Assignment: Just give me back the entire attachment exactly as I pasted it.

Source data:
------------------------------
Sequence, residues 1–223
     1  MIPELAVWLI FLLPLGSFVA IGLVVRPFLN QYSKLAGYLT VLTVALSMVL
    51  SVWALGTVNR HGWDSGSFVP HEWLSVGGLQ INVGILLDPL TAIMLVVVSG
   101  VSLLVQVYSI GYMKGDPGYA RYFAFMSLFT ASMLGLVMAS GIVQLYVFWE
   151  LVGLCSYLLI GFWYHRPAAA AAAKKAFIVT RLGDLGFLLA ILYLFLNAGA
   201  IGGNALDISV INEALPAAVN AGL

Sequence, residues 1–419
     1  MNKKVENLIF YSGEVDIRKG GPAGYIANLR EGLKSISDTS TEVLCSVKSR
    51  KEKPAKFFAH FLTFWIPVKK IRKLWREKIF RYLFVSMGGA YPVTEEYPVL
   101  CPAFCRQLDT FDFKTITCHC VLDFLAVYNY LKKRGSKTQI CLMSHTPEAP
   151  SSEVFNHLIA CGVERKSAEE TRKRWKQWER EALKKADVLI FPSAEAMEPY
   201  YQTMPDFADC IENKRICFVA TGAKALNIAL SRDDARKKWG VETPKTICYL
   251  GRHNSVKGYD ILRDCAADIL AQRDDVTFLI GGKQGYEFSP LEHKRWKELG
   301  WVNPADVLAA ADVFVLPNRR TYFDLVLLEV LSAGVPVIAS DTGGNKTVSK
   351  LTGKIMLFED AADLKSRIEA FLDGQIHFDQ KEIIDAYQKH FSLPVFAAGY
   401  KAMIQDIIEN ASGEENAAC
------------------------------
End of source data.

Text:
Sequence, residues 1–223
     1  MIPELAVWLI FLLPLGSFVA IGLVVRPFLN QYSKLAGYLT VLTVALSMVL
    51  SVWALGTVNR HGWDSGSFVP HEWLSVGGLQ INVGILLDPL TAIMLVVVSG
   101  VSLLVQVYSI GYMKGDPGYA RYFAFMSLFT ASMLGLVMAS GIVQLYVFWE
   151  LVGLCSYLLI GFWYHRPAAA AAAKKAFIVT RLGDLGFLLA ILYLFLNAGA
   201  IGGNALDISV INEALPAAVN AGL

Sequence, residues 1–419
     1  MNKKVENLIF YSGEVDIRKG GPAGYIANLR EGLKSISDTS TEVLCSVKSR
    51  KEKPAKFFAH FLTFWIPVKK IRKLWREKIF RYLFVSMGGA YPVTEEYPVL
   101  CPAFCRQLDT FDFKTITCHC VLDFLAVYNY LKKRGSKTQI CLMSHTPEAP
   151  SSEVFNHLIA CGVERKSAEE TRKRWKQWER EALKKADVLI FPSAEAMEPY
   201  YQTMPDFADC IENKRICFVA TGAKALNIAL SRDDARKKWG VETPKTICYL
   251  GRHNSVKGYD ILRDCAADIL AQRDDVTFLI GGKQGYEFSP LEHKRWKELG
   301  WVNPADVLAA ADVFVLPNRR TYFDLVLLEV LSAGVPVIAS DTGGNKTVSK
   351  LTGKIMLFED AADLKSRIEA FLDGQIHFDQ KEIIDAYQKH FSLPVFAAGY
   401  KAMIQDIIEN ASGEENAAC